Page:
Please tell me that you read my title with a different accent for each ‘tomato’. That’s what I was thinking in my head when I wrote it.
This year, Theo and I attempted our first garden. Ok, I actually can’t really take any credit for it. Theo did all the work planting, transplanting, coaxing to grow, watering, and weeding. Now he is doing all the picking, too! We moved into our house in early May and Theo planted the plants in the garden plot as soon as possible. This garden plot was used last summer as well. Some things were off to a great start, some things really struggles, and some plants never even made it out of the ground. BUT, a lot of seedlings from last years garden sprouted up! Due to all the seedlings from last years garden, mixed with the seeds planted this year, WE HAVE TONS OF TOMATOES.
This is about the amount of tomatoes that we are pulling out of the garden every 2-3 days.
I have never really had the chance to experiment with cooking tomatoes, so on my facebook status I asked my friends for some good recipes using fresh tomatoes. I got lots of answers, and I am still working on making some of the things that were posted. This is just the start of the tomatoes from our garden!
The first recipe I decided to make was garden salsa. This recipe is SO GOOD. And, I got to use my new handy-dandy Pampered Chef manual food processor.
All I had to do was put all the ingredients in this thing, and then press down on the handle “in a rapid motion”. Seriously, thats it?
– 1 small onion, peeled
– 1 jalepno pepper, stemmed and seeded (diced if not using a food processor; cut into thirds if using one)
– 1/2 c loosely packed fresh cilantro
– 1 lime
– 2 garlic cloves
– 1/2 tsp salt
– 1 tsp. southwest seasoning
– about 2 cups of fresh chopped tomatoes (or if using the food processor, just skin them and put them in whole!)
Mix all together! Delish!
I will say that making the salsa using fresh tomatoes did make it a lot more runny than using canned tomatoes.
The next thing I decided to make was something in the crock pot. I figured that Spaghetti sauce would be easy and even easier to freeze, and even easier to pull out on one of those I-don’t-feel-like-cooking-dinner-but-I’m-starving days. I went on Pinterest and looked for some recipes for spaghetti sauce using fresh tomatoes, but you could also just measure the tomatoes by ounce to match the amount that is in a can.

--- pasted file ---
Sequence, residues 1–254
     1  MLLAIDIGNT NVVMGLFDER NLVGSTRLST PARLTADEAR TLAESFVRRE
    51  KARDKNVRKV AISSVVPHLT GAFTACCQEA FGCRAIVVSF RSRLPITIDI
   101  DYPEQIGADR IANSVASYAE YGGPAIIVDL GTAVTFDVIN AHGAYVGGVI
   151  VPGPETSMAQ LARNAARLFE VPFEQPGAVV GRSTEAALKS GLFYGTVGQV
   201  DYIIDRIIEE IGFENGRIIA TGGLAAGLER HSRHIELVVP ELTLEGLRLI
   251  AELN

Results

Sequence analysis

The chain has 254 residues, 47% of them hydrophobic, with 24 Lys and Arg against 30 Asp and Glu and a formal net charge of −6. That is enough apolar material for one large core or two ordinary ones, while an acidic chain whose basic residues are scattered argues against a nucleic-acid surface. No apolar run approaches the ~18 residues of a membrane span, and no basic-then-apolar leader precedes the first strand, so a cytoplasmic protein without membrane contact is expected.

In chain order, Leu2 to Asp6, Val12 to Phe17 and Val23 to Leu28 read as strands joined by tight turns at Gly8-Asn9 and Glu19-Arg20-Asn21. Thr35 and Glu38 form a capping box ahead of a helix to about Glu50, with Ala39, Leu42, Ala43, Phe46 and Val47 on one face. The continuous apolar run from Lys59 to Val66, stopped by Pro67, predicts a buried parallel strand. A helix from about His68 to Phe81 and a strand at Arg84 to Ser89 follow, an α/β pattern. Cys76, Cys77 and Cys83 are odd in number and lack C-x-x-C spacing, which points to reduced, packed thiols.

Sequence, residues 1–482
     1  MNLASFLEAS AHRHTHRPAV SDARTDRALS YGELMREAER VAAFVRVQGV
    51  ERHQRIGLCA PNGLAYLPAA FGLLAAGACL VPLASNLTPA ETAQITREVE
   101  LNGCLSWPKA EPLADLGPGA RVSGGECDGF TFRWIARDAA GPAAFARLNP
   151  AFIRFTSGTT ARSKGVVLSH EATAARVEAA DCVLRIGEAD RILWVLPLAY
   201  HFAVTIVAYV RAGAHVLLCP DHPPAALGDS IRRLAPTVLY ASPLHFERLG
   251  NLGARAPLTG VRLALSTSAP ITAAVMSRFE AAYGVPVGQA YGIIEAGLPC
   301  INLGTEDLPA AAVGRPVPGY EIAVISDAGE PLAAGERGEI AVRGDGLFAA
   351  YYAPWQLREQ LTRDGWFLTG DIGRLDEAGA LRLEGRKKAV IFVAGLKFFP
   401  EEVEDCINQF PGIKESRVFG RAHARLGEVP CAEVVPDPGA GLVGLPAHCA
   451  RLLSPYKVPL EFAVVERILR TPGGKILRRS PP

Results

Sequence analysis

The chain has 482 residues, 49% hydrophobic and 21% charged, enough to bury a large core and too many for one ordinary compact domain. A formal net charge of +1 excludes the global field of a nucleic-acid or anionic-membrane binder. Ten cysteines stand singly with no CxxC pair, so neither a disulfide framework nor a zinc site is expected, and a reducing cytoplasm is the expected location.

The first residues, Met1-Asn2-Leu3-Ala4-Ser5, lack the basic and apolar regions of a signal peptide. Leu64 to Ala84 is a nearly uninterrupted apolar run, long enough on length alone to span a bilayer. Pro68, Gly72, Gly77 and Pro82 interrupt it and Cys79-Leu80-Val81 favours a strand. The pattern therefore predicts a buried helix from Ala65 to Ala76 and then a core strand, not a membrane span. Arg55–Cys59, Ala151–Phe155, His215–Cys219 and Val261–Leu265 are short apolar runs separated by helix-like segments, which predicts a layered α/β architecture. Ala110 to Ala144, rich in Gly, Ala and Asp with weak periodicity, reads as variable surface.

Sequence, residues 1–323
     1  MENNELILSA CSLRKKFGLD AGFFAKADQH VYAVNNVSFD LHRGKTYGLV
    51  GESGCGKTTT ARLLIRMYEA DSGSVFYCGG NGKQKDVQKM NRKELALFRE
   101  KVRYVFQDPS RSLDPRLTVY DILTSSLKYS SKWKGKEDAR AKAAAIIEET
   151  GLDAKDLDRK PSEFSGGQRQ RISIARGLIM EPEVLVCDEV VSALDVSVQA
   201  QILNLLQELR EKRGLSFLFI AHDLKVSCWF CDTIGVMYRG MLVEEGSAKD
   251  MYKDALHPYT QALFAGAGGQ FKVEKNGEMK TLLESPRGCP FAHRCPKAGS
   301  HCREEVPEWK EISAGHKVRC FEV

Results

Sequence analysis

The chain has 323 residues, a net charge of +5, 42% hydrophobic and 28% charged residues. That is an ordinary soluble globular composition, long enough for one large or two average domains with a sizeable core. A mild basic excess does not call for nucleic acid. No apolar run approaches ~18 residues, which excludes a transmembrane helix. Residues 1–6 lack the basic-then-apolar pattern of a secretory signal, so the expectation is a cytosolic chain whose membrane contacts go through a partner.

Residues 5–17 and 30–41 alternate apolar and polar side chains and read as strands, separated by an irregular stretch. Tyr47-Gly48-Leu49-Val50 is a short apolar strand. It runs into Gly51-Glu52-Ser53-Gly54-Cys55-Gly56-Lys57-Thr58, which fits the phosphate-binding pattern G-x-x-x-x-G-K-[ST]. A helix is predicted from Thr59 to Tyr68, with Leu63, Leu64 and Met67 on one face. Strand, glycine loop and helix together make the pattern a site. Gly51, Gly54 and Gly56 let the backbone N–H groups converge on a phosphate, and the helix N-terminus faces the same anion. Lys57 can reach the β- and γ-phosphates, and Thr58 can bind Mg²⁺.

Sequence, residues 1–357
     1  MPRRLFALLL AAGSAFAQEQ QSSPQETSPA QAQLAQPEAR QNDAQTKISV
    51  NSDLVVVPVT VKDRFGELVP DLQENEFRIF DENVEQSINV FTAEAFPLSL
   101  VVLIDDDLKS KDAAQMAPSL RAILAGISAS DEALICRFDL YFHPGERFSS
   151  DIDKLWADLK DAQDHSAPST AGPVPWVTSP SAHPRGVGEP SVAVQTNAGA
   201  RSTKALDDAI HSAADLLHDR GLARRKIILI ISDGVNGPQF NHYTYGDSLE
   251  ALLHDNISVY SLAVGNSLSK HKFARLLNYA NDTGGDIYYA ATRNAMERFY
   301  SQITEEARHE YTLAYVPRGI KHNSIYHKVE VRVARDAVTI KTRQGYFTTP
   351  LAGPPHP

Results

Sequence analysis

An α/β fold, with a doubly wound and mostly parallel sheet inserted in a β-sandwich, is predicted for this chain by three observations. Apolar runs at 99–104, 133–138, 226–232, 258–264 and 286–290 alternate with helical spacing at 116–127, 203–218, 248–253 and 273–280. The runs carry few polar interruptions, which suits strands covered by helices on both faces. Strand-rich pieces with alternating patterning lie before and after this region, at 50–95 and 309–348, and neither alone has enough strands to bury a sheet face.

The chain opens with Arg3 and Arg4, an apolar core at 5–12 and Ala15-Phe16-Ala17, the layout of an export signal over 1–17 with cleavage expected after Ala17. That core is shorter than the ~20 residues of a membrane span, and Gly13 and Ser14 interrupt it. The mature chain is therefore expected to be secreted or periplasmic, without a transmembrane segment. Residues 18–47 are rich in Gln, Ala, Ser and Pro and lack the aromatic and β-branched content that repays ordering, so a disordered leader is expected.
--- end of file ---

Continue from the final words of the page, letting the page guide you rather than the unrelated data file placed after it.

I found the recipe I used here. I will say this about the recipe: she insists on using both cinnamon and brown sugar in the sauce. Which is all fine and dandy if you like your spaghetti sauce with a touch of sweet. I didn’t hate it, and neither did anyone else who participated in eating it all. BUT, it was sweet. Next time, I’m going to try a different recipe to see if we like it more.
I made one batch of that to freeze, and one batch (doubled) for dinner guests. At that point, I went outside and took a picture of the collection of tomatoes still left (see above picture), and decided that I needed to start freezing those suckers.
WARNING: freezing tomatoes is an EXTREMELY simple project, but its one of those ones that ends up taking FOREVA.
All you need to do to freeze tomatoes is to blanche them and then cut them up. I skinned mine, but that is very time consuming and I don’t think I will continue to do that with all the tomatoes from our garden.
1. Wash tomatoes off
2. Place tomatoes in boiling water. I just used my electric kettle to boil the water faster. Let sit for 2-3 minutes.
3. Drain the boiling water from the tomatoes and immediately add cold water. Let sit for 1-3 minutes
4. At this point, the skins should peel right off with only a little tugging. Skin and chop the tomatoes up.
I used my manual food processor for this step, too. You can also use a blender or any kind of food processor. Or you could just cut the tomatoes into halves or thirds and freeze them as chunks.
5. Place the tomatoes into Ziploc bags and throw them into the freezer! One thing I didn’t do at first that I will start doing now is measuring how much tomato I put into the baggies. It would be helpful to know this information so when I the time comes, I know how many baggies to thaw.
The last tomato recipe I have made in the past week was Bruschetta. My cousin gave me the recipe, but essentially it is:
-5-7 tomatoes, chopped
– 1-2 cloves garlic, chopped
– quarter to half diced onion
– 5-7 leaves fresh basil
– Olive oil
– Salt to taste
Mix in a bowl and serve on warm baguette.
And for a bonus, I made my own baguette, too! *cough*cough*inthebreadmachine*ahem*
Anybody else have any fresh garden tomato recipes they would like to contribute to our collection? We have lots more!